1. LynNell Hancock, Claudia Kalb, and William Underhill, 1995. "You don't have to smile," Newsweek (17 July), p. 52.

2. See Steve Mann, 1998. "Humanistic Intelligence: WearComp as a New Framework for Intelligent Signal Processing," Proceedings of the IEEE, volume 86, number 11 (November), pp. 2123-2151, and at http://hi.eecg.toronto.edu/hi.htm http://dx.doi.org/10.1109/5.726784

3. See for example Natalie Angier's analysis of psychologists (particularly evolutionary psychologists), in her book Woman: An Intimate Geography (Boston: Houghton Mifflin, 1999). Her use of the abbreviation "psycho" to refer to psychologists ("psychos" for plural), is perhaps indicative of a growing (and one could argue healthy) trend to call into question the goals of psychology, perticularly branches of psychology that reduce human dignity to the level of dogs, pigs, cattle, or machines.

4. See for example, Seth Shulman, 1999. Owning the Future. Boston: Houghton Mifflin, 1999.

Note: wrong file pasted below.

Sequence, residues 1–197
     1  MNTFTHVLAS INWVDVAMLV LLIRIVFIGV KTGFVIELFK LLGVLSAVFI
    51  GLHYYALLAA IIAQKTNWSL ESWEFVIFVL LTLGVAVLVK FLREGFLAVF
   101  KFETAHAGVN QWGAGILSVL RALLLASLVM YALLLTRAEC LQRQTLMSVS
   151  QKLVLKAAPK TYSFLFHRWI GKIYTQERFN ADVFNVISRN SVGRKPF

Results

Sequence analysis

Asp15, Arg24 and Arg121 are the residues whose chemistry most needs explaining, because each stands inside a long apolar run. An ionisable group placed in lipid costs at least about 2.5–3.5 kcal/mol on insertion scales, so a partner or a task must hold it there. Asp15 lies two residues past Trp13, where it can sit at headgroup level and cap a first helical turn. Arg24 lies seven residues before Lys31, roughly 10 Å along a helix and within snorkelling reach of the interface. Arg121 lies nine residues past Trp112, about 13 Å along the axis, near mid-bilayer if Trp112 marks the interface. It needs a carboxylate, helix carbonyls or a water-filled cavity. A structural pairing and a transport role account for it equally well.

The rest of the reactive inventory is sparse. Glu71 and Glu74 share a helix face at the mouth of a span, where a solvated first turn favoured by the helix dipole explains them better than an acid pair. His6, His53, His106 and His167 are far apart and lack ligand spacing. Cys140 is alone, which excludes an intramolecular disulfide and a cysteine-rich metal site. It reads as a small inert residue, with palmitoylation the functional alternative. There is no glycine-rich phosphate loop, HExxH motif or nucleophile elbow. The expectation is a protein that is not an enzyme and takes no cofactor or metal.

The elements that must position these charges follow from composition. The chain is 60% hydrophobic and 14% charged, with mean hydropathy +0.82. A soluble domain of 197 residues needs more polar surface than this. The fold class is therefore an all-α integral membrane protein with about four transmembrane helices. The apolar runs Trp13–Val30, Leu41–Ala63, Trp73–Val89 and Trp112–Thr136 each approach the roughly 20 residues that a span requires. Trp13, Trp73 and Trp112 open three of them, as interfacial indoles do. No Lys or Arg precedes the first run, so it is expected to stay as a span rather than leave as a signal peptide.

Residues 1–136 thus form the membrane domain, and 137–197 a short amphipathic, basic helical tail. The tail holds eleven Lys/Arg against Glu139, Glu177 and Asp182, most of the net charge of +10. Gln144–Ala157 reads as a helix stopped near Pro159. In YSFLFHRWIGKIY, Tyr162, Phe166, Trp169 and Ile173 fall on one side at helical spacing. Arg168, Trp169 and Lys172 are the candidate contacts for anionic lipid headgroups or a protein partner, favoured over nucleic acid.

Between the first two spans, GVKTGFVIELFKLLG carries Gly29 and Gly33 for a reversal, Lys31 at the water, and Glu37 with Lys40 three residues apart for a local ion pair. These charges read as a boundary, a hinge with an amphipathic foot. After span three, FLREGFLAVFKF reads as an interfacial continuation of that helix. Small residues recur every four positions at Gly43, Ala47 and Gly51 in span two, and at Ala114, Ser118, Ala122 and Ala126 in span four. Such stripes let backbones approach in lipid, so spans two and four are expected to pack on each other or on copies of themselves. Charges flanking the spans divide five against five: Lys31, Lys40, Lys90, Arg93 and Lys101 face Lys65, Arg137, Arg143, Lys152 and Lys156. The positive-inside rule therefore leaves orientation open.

5. See http://brunching.com/features/feature-copyfire.html

6. http://wearcam.org/mr.htm


Editorial history

Paper received 7 May 2000; accepted 5 June 2000.


Contents Index

Copyright ©2000, First Monday

Computer Architectures for Protection of Personal Informatic Property: Putting Pirates, Pigs, and Rapists in Perspective by Steve Mann
First Monday, volume 5, number 7 (July 2000),
URL: http://firstmonday.org/issues/issue5_7/mann/index.html





A Great Cities Initiative of the University of Illinois at Chicago University Library.

© First Monday, 1995-2017. ISSN 1396-0466.